The deliberately underinflected language employed by Eric Larsen in "An American Memory" is sonorously controlled as to be suspicious. Especially since the object of all this closely guarded prose is that most incendiary of subject matters: What fathers do to sons.
Set mainly in Minnesota, Larsen's first novel chronicles three generations of Reiners as seen or imagined by a third-generation son, Malcolm, born in 1941. He is our narrator, but since he cannot have known his grandparents in their youth, he depicts them through improvisations generated from writings and from snapshots in the family album.
Photography figures in another, more dramatic way, in "An American Memory." As practiced by Malcolm's father, photography is nothing if not symbolic of an overwhelming need to control. This is not lost on the son.
Among the reasons his father was drawn to the camera, we learn, is "because of the deeply rooted satisfaction to be gained from creating images generally assumed not merely to reflect or represent but actually to be the truth." In other words, the father is always right--an axiom of the father-son novel.
Malcolm's father is consumed by rage. "There were times," Malcolm tells us, "when I imagine, had my father been an animal, that he would have devoured us one at a time, then slunk into his lair to gnaw slowly with sullen and furious spite at his own limbs and flesh."
There is always the lingering sense in "An American Memory" that what infuriates the father is that his aspirations are unfulfilled because of family obligations. Few things have a more psychologically eviscerating effect on a son's life than the things his father could not or did not do. Alcohol, another staple of this genre, figures in the equation, too.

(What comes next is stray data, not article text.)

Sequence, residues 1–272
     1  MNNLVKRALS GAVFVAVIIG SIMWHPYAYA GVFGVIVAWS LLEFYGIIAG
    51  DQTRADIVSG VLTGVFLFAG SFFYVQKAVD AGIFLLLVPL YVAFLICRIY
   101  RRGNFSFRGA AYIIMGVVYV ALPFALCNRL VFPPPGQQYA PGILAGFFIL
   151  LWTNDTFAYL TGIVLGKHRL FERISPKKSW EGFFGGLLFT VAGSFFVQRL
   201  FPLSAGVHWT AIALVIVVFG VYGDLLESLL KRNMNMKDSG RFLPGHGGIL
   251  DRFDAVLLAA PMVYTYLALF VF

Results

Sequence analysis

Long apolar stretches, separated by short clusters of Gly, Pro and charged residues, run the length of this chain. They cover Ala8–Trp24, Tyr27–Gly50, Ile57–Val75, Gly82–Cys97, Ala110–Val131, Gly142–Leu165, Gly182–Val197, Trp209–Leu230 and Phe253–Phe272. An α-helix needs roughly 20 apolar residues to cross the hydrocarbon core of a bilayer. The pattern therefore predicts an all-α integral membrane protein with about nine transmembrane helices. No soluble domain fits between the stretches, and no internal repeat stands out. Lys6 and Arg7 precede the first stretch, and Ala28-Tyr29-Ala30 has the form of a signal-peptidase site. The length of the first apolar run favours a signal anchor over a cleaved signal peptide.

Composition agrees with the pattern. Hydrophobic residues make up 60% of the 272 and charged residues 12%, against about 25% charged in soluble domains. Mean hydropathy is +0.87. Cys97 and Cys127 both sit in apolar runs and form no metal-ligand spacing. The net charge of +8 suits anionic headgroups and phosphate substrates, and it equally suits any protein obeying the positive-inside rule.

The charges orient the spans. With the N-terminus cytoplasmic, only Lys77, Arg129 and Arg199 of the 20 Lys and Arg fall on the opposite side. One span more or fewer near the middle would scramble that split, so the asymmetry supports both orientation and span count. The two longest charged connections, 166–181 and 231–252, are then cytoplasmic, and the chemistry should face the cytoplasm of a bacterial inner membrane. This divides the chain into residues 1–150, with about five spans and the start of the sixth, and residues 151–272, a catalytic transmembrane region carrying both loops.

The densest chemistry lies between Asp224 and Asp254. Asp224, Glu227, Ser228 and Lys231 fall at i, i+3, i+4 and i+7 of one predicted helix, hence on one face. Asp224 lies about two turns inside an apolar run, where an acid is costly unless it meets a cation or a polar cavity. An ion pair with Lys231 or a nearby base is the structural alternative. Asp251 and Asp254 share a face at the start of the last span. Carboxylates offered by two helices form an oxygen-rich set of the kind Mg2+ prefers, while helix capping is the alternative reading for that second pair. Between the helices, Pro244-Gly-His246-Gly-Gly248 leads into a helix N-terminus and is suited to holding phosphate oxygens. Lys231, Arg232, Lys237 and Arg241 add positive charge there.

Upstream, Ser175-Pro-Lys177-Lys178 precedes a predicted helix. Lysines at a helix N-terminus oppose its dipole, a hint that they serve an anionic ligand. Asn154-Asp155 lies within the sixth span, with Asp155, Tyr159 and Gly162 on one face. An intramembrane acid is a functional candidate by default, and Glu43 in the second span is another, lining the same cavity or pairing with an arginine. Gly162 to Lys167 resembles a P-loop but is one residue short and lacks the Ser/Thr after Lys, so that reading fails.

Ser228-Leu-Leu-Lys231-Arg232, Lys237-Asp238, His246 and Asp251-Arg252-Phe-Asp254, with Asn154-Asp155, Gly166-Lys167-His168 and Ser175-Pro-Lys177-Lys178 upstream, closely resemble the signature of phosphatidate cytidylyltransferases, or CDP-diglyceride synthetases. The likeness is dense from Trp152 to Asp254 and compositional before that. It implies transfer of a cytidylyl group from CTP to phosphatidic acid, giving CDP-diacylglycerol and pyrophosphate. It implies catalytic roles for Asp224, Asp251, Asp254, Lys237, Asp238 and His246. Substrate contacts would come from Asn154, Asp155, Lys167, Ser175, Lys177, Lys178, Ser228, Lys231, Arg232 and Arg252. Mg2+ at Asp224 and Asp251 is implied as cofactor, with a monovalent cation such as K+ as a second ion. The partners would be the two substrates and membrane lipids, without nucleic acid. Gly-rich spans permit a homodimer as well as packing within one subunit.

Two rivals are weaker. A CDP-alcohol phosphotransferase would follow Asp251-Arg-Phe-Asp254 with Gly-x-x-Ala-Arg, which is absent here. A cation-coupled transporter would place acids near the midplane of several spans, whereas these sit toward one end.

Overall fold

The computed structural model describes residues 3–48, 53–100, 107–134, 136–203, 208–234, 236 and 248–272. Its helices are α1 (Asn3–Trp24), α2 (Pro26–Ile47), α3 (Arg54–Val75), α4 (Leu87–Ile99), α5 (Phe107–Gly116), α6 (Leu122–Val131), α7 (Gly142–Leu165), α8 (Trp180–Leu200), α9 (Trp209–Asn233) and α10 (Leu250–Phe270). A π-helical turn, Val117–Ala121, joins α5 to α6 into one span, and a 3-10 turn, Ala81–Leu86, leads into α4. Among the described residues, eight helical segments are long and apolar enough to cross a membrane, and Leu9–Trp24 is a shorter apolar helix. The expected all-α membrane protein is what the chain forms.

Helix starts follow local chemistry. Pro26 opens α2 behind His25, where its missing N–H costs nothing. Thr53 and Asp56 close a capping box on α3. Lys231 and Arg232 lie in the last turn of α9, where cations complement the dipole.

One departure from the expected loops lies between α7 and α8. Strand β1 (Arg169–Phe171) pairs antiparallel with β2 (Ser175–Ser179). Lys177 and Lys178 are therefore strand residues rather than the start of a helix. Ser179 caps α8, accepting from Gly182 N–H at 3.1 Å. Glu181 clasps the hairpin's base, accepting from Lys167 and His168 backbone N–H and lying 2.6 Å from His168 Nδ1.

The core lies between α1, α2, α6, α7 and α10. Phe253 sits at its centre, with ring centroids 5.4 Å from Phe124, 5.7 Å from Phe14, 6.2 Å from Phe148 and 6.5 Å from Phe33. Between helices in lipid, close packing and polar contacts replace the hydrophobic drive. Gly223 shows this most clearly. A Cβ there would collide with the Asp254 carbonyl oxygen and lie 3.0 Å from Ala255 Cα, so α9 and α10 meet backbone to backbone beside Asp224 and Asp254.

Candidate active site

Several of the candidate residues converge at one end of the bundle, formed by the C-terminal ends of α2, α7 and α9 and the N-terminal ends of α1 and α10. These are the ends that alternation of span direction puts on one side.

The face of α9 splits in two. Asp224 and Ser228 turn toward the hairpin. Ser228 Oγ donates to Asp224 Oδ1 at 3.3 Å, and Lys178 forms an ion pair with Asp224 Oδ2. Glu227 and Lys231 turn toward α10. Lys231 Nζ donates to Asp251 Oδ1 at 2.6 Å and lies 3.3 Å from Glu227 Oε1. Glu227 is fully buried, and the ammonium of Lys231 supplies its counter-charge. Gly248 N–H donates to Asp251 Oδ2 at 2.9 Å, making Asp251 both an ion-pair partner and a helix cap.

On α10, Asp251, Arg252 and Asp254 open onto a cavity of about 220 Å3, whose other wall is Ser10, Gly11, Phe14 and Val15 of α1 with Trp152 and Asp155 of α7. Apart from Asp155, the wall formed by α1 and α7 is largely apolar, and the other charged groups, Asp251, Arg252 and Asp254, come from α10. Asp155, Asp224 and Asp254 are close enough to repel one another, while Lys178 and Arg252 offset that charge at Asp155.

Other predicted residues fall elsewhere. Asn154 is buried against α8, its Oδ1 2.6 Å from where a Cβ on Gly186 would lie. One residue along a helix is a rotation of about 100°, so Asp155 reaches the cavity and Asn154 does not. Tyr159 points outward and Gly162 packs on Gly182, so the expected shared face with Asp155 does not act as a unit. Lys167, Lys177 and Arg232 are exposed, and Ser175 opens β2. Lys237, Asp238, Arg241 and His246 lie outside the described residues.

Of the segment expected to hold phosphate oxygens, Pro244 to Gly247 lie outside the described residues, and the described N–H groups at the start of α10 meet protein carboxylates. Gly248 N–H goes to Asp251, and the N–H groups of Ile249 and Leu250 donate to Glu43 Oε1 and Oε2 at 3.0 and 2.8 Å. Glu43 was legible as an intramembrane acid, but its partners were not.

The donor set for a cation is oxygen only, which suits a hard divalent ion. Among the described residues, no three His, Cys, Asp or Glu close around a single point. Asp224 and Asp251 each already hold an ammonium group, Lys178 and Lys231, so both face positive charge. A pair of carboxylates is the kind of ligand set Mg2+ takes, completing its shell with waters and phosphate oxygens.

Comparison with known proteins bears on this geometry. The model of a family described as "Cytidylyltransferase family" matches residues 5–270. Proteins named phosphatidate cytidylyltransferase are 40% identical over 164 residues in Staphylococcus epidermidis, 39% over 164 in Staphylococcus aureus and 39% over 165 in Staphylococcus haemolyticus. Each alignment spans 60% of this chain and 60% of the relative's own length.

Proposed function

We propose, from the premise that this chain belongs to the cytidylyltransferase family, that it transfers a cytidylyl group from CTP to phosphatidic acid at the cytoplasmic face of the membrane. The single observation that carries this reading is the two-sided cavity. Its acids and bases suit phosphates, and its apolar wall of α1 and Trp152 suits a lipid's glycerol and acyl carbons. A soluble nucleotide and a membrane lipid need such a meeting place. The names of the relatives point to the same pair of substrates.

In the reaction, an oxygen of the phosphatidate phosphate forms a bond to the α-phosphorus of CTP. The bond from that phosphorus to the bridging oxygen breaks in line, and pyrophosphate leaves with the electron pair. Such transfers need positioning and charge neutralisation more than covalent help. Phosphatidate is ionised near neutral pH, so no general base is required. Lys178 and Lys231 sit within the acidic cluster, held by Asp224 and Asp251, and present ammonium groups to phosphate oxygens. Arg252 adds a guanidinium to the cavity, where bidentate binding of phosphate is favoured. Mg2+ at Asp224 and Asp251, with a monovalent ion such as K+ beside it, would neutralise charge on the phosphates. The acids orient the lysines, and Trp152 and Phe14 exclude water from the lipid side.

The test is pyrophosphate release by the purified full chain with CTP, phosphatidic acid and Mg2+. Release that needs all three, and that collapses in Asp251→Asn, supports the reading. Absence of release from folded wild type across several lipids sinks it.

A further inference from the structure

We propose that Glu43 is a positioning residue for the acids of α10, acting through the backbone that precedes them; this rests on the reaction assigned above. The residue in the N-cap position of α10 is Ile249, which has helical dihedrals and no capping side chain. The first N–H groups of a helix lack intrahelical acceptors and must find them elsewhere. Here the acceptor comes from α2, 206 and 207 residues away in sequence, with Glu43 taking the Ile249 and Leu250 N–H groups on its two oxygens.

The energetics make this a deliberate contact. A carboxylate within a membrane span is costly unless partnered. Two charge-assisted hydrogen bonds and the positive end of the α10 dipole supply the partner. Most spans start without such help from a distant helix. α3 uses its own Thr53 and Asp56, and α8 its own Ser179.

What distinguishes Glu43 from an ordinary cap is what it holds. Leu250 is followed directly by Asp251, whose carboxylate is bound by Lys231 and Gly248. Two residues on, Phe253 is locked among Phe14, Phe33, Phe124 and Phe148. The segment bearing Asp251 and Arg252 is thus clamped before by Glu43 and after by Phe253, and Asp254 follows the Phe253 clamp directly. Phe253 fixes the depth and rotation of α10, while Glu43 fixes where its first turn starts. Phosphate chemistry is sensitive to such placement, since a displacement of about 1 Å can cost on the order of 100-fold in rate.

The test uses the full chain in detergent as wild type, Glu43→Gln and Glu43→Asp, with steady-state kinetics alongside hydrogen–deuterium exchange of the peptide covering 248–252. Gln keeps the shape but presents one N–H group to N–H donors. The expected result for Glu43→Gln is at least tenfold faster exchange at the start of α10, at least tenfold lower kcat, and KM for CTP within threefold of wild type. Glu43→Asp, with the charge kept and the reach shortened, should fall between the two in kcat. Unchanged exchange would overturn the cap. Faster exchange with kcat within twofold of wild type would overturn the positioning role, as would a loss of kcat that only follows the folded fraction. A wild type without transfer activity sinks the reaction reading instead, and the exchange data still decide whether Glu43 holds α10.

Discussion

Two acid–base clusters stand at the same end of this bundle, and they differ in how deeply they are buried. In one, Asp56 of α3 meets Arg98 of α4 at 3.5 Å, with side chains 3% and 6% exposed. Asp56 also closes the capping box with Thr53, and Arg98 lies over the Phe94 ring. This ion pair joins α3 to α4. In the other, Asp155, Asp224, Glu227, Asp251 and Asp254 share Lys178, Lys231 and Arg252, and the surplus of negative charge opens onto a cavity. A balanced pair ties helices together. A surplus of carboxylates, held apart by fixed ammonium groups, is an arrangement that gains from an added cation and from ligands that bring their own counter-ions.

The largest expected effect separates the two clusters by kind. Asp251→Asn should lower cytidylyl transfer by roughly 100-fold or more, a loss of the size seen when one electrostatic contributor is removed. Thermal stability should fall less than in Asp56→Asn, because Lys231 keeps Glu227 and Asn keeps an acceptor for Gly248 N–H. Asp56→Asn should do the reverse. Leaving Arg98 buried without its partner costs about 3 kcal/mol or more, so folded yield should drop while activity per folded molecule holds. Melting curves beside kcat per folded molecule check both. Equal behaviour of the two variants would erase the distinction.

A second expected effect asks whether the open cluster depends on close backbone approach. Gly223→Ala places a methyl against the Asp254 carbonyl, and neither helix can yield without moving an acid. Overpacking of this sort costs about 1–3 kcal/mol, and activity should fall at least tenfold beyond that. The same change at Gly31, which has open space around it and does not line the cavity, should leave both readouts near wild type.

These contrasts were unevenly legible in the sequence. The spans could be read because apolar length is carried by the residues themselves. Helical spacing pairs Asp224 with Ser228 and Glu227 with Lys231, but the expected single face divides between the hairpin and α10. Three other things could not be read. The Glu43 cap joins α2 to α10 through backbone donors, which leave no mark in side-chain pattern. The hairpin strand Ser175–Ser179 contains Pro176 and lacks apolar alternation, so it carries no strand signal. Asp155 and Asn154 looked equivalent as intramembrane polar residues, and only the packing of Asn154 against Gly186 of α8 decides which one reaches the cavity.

The father is also preternaturally silent. Of this, the son says, "What my father's silence meant to me was this: When he was my age, when he was the way I am now, my father had not existed. Therefore I did not exist either." George Bernard Shaw put it more succinctly. "Silence," he said, "is the most perfect expression of scorn."
Malcolm's mother is consumed, but in a different way. "She was a woman, Larsen writes, "whose life was governed by fear." Her specific fears are reported in a disheartening, two-page disquisition, which makes it clear that she too viewed the world with great hostility.
"An American Memory" seems on the face of things to be the story of three generations of a Midwestern family locked in an emotional straitjacket. But it's not: The history is there simply to give historical foundation to an impossible father- and-son relationship.
In this way, the history prepares us for the novel's end, when we are witness to the long and slow return of the repressed. Malcolm begins to have bad dreams, and then the dreams begin to cloud his waking life, "to grow," he tells us, "like invisible vines around my heart." Finally, it all gives way, and Malcolm simply loses it.
Seen backward from the vantage of his crack-up, the expanses of psychologically overcontrolled writing make more sense. Still and all, the examination of the forms of repression and hostility and fear is largely joyless (and sexless), and the flatness of Larsen's writing, which works well at short-story length (six of the novel's 12 sections were published as separate stories in literary quarterlies) seems at times endless.
"An American Memory" is an essentially despairing novel written in an emotionally clenched style. Given the subject, how could it be otherwise?